Campaign encourages the public to look after their eyes in the sun

Essilor launches Think About Your Eyes campaign

06 Jul 2015 by Emily McCormick

Lens company Essilor has launched a national campaign to help raise the public’s awareness of the impact which overexposure to UV rays can have on their eyes.

Coinciding with last week’s hot weather, which saw temperatures peak at 37 degrees celsius, the Think About Your Eyes campaign reported that people in the UK are exposed to an average of one hour, 45 minutes of sunlight a day. This is seven times the safe daily limit of exposure recommended by the International Commission on Non-Ionising Radiation Protection, campaign organisers stressed.

A survey of more than 1,000 people which was carried out as part of the campaign reported that 52% of respondents were aware that the cumulative effect of sun damage to the eyes can result irreversible vision changes, however, admitted to taking little precautions to protect their eyes.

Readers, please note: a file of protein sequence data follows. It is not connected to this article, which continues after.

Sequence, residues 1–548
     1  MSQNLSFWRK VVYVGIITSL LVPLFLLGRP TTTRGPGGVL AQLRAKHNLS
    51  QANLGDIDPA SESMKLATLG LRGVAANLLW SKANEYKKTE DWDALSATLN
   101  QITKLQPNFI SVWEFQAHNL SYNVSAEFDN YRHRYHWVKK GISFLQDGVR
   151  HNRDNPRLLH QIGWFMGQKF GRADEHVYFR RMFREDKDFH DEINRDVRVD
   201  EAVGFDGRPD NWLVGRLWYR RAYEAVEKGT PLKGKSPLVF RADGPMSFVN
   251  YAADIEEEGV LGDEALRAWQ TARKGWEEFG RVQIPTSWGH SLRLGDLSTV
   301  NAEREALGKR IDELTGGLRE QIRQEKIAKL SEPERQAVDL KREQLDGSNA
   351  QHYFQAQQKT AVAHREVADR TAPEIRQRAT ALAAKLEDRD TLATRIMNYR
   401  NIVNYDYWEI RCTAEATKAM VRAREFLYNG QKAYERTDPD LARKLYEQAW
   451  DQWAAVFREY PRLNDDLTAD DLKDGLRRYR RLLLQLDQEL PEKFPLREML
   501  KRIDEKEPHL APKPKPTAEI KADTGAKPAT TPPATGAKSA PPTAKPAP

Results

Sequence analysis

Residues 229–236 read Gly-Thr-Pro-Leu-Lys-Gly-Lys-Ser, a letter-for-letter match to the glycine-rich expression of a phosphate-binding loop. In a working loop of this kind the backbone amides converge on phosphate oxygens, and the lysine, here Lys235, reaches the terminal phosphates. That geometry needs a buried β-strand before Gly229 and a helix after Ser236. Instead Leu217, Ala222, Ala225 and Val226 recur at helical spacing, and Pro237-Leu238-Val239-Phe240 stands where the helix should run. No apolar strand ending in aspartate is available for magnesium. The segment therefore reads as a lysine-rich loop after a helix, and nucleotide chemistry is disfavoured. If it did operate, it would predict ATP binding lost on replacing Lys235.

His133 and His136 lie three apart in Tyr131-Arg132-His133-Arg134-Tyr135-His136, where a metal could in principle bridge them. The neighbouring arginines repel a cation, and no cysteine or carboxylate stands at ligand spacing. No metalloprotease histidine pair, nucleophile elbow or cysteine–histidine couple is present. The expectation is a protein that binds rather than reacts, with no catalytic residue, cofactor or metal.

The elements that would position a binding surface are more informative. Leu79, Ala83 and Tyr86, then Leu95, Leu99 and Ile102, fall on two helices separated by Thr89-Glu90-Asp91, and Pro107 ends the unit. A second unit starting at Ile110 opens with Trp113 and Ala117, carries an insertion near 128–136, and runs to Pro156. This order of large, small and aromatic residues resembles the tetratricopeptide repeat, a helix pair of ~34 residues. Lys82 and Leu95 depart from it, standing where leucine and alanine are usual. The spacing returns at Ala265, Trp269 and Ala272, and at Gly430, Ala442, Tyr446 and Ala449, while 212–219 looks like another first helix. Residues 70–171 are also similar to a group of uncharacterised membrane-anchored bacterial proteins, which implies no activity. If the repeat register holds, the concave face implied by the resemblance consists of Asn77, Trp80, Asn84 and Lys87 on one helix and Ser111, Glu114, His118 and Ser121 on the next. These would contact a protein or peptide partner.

The survey identified men and women over the age of 55 as those with the highest levels of exposure during the week, at one hour 24 minutes. Furthermore, those aged between 45–54 were the worst offenders at the weekend (one hour 45 minutes).

As part of the initiative, organisers have visited some of the UK’s known ‘hot spots’ for high UV levels. The tour begun in Cardiff (30 June), before heading to Bath, Bristol, Wolverhampton, Blackpool and Leeds. In each city, campaign mascots, The Protectors, were joined by local celebrities and opticians to raise awareness.

Essilor head of marketing, Jonathan Cohen, said: “Although as consumers we are exposed to public health awareness campaigns and messages, there is very little information available in relation to eye health. It’s a sad fact that many consumers don’t appreciate their vision until they’ve lost it and we all know that prevention is an easier solution than a cure. If through the Think About Your Eyes campaign we can provide advice that consumers take note of whilst supporting our customers then the campaign will continue to meet its ongoing objectives.”

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